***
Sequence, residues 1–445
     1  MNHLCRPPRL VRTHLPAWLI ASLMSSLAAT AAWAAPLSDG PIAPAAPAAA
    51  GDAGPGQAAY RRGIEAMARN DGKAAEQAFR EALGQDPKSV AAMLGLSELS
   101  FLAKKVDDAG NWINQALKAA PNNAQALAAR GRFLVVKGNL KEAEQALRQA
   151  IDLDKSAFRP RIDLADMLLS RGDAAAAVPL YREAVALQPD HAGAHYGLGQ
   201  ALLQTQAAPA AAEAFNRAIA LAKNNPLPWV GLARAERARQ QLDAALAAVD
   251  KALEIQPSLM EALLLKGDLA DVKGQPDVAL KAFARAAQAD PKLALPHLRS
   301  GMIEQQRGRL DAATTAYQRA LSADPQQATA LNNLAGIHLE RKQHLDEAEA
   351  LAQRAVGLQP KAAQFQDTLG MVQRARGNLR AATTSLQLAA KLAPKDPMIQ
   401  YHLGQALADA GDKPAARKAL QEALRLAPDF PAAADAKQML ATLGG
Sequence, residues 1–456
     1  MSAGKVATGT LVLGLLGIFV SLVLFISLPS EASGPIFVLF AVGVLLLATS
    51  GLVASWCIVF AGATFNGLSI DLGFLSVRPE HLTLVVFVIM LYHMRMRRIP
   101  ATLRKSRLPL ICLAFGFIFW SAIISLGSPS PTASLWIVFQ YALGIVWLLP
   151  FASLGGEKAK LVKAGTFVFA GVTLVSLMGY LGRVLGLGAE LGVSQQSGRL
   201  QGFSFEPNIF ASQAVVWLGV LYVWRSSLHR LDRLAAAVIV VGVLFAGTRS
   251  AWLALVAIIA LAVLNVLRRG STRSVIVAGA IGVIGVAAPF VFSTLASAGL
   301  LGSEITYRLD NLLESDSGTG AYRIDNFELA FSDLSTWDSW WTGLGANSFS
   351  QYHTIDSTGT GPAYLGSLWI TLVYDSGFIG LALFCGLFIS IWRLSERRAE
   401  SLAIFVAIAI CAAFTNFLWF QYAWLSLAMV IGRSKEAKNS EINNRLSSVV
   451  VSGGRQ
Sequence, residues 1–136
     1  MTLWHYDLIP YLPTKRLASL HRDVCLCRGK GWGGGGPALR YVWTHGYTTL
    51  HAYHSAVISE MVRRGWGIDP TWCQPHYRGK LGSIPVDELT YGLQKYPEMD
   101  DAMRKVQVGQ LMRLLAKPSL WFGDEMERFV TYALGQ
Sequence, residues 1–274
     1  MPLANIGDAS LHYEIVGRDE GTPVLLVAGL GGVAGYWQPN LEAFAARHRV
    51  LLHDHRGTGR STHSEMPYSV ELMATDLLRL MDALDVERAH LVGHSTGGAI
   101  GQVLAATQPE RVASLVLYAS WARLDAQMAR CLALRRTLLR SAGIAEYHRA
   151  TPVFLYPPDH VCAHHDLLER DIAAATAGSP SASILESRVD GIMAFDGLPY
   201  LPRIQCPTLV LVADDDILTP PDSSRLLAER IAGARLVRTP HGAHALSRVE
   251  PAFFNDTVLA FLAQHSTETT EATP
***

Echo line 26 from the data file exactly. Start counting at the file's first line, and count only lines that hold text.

Sequence, residues 1–274